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355 DEVELOPMENT OF AN OUTPATIENT HEALTHY BEHAVIOR PROGRAM FOR RECENT-ONSET SCHIZOPHRENIA PATIENTS.
  1. E. Alarcon,
  2. D. Gretchen-Doorly,
  3. K. Nuechterlein,
  4. K. Subotnik
  1. Department of Psychiatry and Biobehavioral Sciences, UCLA, Los Angeles, CA

Abstract

Background Many of the new atypical antipsychotic medications have been associated with significant weight gain and drug-induced obesity, and obesity-related health complications such as cardiovascular disease and type II diabetes. Relatively little is known about strategies to improve health behavior in people with mental disorders. In particular, little is known about how general health behavior change approaches might be modified to be appropriate and effective within the context of recent-onset schizophrenia.

Objective Research and design a health behavior program for recent-onset schizophrenia patients that incorporates relaxation/stress management skills, nutrition training, and an exercise regimen.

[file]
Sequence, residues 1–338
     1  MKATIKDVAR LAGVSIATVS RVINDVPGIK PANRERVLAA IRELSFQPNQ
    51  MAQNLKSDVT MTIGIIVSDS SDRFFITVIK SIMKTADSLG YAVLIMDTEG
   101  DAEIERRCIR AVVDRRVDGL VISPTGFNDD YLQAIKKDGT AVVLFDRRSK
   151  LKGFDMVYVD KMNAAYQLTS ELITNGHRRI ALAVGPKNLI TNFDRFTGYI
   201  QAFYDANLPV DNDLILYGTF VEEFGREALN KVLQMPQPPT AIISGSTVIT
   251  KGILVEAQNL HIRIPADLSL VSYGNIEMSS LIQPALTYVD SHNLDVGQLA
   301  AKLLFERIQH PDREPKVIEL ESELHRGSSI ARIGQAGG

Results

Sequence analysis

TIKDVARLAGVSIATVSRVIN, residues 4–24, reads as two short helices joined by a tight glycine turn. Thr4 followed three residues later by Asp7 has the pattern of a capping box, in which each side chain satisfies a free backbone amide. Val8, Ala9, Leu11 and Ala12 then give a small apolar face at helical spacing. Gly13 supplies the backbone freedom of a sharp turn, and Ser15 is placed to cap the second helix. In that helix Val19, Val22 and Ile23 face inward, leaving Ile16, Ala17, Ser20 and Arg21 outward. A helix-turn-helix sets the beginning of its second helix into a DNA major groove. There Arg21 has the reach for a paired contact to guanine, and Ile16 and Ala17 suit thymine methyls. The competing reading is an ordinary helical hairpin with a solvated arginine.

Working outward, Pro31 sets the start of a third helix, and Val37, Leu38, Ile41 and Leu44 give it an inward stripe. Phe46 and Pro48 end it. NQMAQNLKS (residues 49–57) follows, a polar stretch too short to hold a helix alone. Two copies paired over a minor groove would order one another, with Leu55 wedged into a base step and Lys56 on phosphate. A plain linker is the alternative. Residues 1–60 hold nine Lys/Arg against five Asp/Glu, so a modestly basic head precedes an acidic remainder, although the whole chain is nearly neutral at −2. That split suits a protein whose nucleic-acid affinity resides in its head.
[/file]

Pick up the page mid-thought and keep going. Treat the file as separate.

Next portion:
Methods Extensively review the literature and collect manuals, protocols, and outcome measures of exiting programs. Meet with health care professionals to obtain practical advice from front-line health care providers. Lead a focus group with schizophrenia patients for additional input regarding curriculum development.

Results Thirteen existing programs were contacted, and we received four program manuals (specifically designed for psychiatric patients) to review. We met with six professionals from various health care specialties who provided us with helpful ideas and further contacts. We held two focus groups with recent-onset schizophrenia patients and obtained feedback from 10 patients. Actual curriculum content is currently in development.

Conclusions Health behavior interventions—like the one developed from this research experience—that are designed to accommodate the cognitive, social, and motivational impairments inherent in schizophrenia have the best chance of success. Limitations of this project include limited funding for research and lack of empirically validated outcome measures to investigate program effects.

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